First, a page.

by Timothy Walsh
If asked about Central Asian poets, most Americans would draw a blank. Even poets and professors might struggle to name one—which is odd, since over the last two centuries Central Asian poets have been hugely influential in the English-speaking world, particularly in America. It’s just that we don’t think of these poets as Central Asian, even though they are.
Omar Khayyam was born in Khorasan in 1048 and spent many of his most productive years in major Central Asian cities—Samarkand, Bukhara, Merv, and Balkh—all of which were thriving cultural and intellectual centers. Khayyam was a celebrated mathematician, philosopher, and astronomer. He was also a poet. When Edward FitzGerald published his Rubaiyat of Omar Khayyam in 1859, it set loose a flood of enraptured admiration that reverberated through all levels of society for the next century. FitzGerald’s rather freely translated quatrains about “a Jug of Wine, a Loaf of Bread—and Thou” captured the imagination of the English-speaking world, from 19th-century London aesthetes to Depression-era schoolboys in Brooklyn—not to mention writers as diverse as Mark Twain, Ezra Pound, Woody Guthrie and Jack Kerouac.
Then there’s Jallaludin Rumi. As with Omar Khayyam, people in the West tend to think of Rumi as vaguely “Eastern” or as a Sufi mystic from Persia or even from Anatolia, where his later years were spent. But Rumi was Central Asian through and through. Born either in Vakhsh (in what is now Tajikistan) or Balkh—(this is the subject of heated arguments)—Rumi spent his formative years in Samarkand. His peripatetic journeys westward were due to his fleeing the invading armies of Genghis Khan.
In recent years, Rumi’s poetry in translation has permeated the West, a touchstone to New Age philosophy and spirituality. His timeless wisdom has leavened our modern sensibility and influenced writers and artists from Robert Bly to Coldplay, from Madonna to Mary Oliver.
Many other things we cherish in the West also have unsuspected Central Asian origins: the pants you wear (invented by Central Asian steppe nomads for horse riding), the apples you eat (all genetically descended from the wild apple forests in southeastern Kazakhstan). Garlic and marijuana both originally hail from Central Asia. How about Appalachian fiddle music or Mozart string quartets? Yes, the invention of stringed instruments played with a bow likewise hails from the horse-riding nomadic cultures of the Central Asian steppe (which also explains why a violinist’s or cellist’s bow is strung with horsehair).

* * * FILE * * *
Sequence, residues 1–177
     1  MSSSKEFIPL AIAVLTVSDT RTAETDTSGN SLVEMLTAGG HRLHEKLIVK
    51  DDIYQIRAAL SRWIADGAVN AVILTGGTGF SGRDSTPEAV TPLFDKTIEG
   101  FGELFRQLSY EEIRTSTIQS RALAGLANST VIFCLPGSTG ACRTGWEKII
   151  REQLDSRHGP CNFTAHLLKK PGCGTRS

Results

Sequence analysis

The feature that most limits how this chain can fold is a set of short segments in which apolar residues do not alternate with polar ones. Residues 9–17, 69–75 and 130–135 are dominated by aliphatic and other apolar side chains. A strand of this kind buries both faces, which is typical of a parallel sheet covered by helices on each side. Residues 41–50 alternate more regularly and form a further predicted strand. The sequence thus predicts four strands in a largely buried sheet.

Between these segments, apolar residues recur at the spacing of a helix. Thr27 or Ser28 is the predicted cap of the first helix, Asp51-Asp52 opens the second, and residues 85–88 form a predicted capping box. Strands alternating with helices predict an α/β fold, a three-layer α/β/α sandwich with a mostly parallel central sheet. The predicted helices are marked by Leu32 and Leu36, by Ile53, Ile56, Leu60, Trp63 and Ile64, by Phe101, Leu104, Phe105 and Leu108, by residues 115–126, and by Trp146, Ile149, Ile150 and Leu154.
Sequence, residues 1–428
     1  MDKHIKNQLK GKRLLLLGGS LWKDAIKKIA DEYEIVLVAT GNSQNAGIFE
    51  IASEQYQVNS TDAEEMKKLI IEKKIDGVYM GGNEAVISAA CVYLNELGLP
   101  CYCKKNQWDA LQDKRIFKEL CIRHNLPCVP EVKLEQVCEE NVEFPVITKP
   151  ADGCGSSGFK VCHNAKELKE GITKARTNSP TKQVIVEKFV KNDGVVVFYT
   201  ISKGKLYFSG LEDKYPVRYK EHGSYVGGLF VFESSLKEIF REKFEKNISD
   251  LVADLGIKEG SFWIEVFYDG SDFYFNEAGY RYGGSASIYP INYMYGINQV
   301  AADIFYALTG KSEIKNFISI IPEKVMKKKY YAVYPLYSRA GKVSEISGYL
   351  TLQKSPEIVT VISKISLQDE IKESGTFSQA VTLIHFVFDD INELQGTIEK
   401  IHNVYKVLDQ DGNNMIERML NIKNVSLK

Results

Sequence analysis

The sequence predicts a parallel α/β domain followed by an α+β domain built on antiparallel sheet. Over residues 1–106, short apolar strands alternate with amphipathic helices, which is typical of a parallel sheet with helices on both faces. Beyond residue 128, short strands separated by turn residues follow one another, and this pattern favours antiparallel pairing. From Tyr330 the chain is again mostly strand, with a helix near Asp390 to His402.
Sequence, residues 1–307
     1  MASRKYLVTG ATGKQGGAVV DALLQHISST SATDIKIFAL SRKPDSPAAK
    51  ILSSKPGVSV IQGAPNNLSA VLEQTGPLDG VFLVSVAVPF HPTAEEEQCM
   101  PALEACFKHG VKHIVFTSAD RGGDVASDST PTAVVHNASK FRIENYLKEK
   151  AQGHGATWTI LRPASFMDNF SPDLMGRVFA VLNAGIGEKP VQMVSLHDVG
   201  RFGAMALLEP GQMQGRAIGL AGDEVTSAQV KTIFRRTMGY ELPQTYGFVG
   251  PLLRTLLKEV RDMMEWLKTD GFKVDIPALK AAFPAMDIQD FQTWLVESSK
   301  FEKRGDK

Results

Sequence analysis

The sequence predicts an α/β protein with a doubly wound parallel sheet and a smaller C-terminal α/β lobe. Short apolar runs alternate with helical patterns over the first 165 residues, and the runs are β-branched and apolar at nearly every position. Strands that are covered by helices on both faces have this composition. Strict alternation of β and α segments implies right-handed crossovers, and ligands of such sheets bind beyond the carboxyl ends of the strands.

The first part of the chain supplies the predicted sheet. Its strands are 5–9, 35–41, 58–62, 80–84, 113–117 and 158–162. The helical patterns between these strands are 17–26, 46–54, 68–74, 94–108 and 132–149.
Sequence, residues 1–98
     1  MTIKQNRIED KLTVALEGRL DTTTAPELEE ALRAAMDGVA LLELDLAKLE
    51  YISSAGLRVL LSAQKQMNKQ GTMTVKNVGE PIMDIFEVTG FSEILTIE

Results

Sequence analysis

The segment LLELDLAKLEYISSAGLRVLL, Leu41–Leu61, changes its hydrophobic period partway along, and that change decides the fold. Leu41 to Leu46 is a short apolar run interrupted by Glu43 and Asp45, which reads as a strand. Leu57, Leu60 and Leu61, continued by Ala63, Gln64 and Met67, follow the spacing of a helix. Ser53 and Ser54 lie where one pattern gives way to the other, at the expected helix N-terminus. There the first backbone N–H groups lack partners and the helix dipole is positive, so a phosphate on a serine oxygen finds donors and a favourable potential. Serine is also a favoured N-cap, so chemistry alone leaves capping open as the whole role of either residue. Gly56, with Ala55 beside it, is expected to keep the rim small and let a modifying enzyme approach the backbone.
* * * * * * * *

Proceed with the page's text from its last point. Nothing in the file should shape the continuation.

When thinking of Central Asia today, we inevitably think in terms of the national boundaries of five countries (Kazakhstan, Uzbekistan, Kyrgystan, Tajikistan, and Turkmenistan), but these borders are only a hundred years old, imposed by the Soviet Union with many jagged, inscrutable contours purposely designed to isolate certain ethnic groups from their ancestral homelands. Culturally and geographically, however, Central Asia really is a distinct region, despite the arbitrary modern national borders. Culturally, it encompasses the Turkic nomadic groups of the north, where conditions are such that only nomadic or transhumant societies could survive, and Persianate groups to the South.
Geographically, the region is defined by the northern taiga forest, the vast central steppe, and immense deserts to the south and west. Mountain ranges define the effective, often impenetrable natural barriers—the Pamirs and Hindu Kush to the south, the Tien Shan and Altai to the east, the Caucasus (and the Caspian Sea) to the west.
For thousands of years, the unique culture of Central Asia was formed by the symbiosis and sporadic bloody conflicts between the horse-riding nomadic cultures of the immense Central Asian steppe and the settled urban cultures of the great cities to the south. Over the centuries, this synergy and conflict came together to produce one of the most dynamic and creative epochs in world history (brilliantly recounted in S. Frederick Starr’s Lost Enlightenment: Central Asia’s Golden Age from the Arab Conquest to Tamerlane). This Central Asian Golden Age gave us algebra, the foundations of modern medicine (in the writings of Avicenna), and an unprecedented literary and poetic flowering.